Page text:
FCA announces new protections for motor finance and high cost credit borrowers affected by Covid

With the financial effects of coronavirus on UK consumers showing no sign of ending, it is no surprise that the Financial Conduct Authority has instructed lenders to provide additional forbearance to customers with high-cost short-term credit (HCSTC), motor finance, buy-now-pay-later (BNPL), rent-to-own (RTO) and pawnbroking arrangements.

Numbers of daily cases and deaths may be declining slowly in the UK, and society may gradually be inching back towards normal, but many people have lost their jobs, been furloughed on reduced earnings, seen their self-employed earnings reduce etc. The hospitality sector may have been permitted to re-open, but not every outlet has re-opened, so job security for those employed in this sector is very limited. The entertainment sector may remain closed for many months to come.

For customers who have motor finance, pawnbroking, HCSTC, BNPL or RTO agreement and are yet to request a payment freeze, the period in which they can apply for one will be extended until October 31 2020.

For customers who have already been granted a pay freeze for one of these products, firms should make contact with them at the end of their payment freeze period to ascertain what their financial situation is at that time.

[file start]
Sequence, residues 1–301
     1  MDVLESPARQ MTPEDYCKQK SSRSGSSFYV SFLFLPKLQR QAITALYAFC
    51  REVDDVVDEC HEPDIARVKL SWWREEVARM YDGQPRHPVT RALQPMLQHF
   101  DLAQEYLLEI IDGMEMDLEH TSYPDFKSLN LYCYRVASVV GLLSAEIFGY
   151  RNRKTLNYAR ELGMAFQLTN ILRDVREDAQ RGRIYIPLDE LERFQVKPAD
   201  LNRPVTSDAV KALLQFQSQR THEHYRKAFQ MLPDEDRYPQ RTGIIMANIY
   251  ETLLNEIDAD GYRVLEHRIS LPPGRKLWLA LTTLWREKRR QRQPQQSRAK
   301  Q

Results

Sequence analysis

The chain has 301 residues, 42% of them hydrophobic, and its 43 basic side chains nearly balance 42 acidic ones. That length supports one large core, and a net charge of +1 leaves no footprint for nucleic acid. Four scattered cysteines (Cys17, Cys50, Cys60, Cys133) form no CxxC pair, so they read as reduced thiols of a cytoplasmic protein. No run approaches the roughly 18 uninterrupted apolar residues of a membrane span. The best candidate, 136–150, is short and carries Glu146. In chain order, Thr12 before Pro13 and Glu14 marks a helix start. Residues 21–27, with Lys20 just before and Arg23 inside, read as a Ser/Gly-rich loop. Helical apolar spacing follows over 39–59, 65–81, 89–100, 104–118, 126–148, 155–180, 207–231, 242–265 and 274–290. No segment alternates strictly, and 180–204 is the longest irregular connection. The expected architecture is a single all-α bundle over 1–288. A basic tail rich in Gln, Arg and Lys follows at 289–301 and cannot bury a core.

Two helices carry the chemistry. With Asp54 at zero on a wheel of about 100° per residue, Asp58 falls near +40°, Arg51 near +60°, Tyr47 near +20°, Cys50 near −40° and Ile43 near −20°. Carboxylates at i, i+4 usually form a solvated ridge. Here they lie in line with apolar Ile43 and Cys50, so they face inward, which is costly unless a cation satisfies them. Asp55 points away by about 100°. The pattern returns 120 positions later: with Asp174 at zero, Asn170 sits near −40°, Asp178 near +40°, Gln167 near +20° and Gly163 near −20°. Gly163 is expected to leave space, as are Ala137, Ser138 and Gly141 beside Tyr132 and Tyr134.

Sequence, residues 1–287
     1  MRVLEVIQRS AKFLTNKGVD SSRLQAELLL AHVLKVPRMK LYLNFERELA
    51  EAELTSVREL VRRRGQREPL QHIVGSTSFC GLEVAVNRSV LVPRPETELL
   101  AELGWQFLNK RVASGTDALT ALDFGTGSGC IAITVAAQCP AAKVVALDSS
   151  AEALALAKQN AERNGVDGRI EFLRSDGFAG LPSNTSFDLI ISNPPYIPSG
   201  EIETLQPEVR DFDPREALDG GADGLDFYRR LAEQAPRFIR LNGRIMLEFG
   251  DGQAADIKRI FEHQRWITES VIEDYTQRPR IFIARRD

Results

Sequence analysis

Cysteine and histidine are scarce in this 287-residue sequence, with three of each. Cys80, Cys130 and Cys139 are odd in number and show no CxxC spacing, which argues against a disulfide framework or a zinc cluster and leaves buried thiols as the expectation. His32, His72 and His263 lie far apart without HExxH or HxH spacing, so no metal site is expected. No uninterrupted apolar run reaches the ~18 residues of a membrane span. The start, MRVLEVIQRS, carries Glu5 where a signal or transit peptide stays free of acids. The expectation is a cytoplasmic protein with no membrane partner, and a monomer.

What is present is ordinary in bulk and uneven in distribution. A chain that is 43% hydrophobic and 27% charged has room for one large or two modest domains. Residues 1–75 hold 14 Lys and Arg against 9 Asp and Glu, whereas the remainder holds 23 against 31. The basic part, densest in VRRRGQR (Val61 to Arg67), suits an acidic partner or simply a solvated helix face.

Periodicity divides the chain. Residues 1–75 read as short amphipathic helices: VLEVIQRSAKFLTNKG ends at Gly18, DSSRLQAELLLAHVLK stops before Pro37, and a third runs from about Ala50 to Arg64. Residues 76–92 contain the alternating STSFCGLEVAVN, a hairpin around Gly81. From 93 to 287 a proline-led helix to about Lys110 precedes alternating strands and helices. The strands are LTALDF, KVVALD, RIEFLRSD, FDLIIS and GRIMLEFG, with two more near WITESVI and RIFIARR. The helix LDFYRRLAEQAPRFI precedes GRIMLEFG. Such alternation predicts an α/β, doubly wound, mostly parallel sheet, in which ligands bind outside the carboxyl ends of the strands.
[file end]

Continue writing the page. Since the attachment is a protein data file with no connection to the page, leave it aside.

The FCA’s first point is very clear – if the customer is in a position to resume repayments, then they should do so, as otherwise significant arrears could accumulate on the account.

If a customer needs additional support, the FCA says that firms may need to provide additional forbearance as follows:

  • For motor finance, BNPL or RTO agreement – either a further three-month payment freeze should be agreed if the customer is unable to afford to pay anything, or a reduced payment arrangement should be set up at a level they can afford
  • For BNPL customers – the promotional period of the loan could be extended, where applicable
  • For a pawnbroking agreement – if the agreement is still in the redemption period, that period could be extended by another three months. If the redemption period has ended, the firm could agree not to sell the item for a further three months
  • For HCSTC – if a customer has already had a one-month payment freeze, the new FCA rules do not dictate that another one needs to be offered if the customer remains in financial difficulty. However, the FCA says “firms should be providing a range of support – including formal forbearance – in accordance with the FCA Handbook”

The ban on re-possessing any goods provided as security under any of these arrangements continues until October 31 2020.

Firms are responsible for ensuring any forbearance they provide to borrowers affected by Covid-19 does not have an impact on their credit files.

Christopher Woolard, Interim Chief Executive at the FCA, said:

“It is vital that people facing temporary payment difficulties because of the impact of coronavirus get the assistance they need. For those who have already taken a pay freeze and can afford to start making payments, even partially, it is in their best interest to do so, but for those that need help it will be there.”

The information shown in this article was correct at the time of publication. Articles are not routinely reviewed and as such are not updated. Please be aware of the facts, circumstances or legal position may change after publication of the article


MAPS delivers its assessment of the impact of Covid on financial wellbeing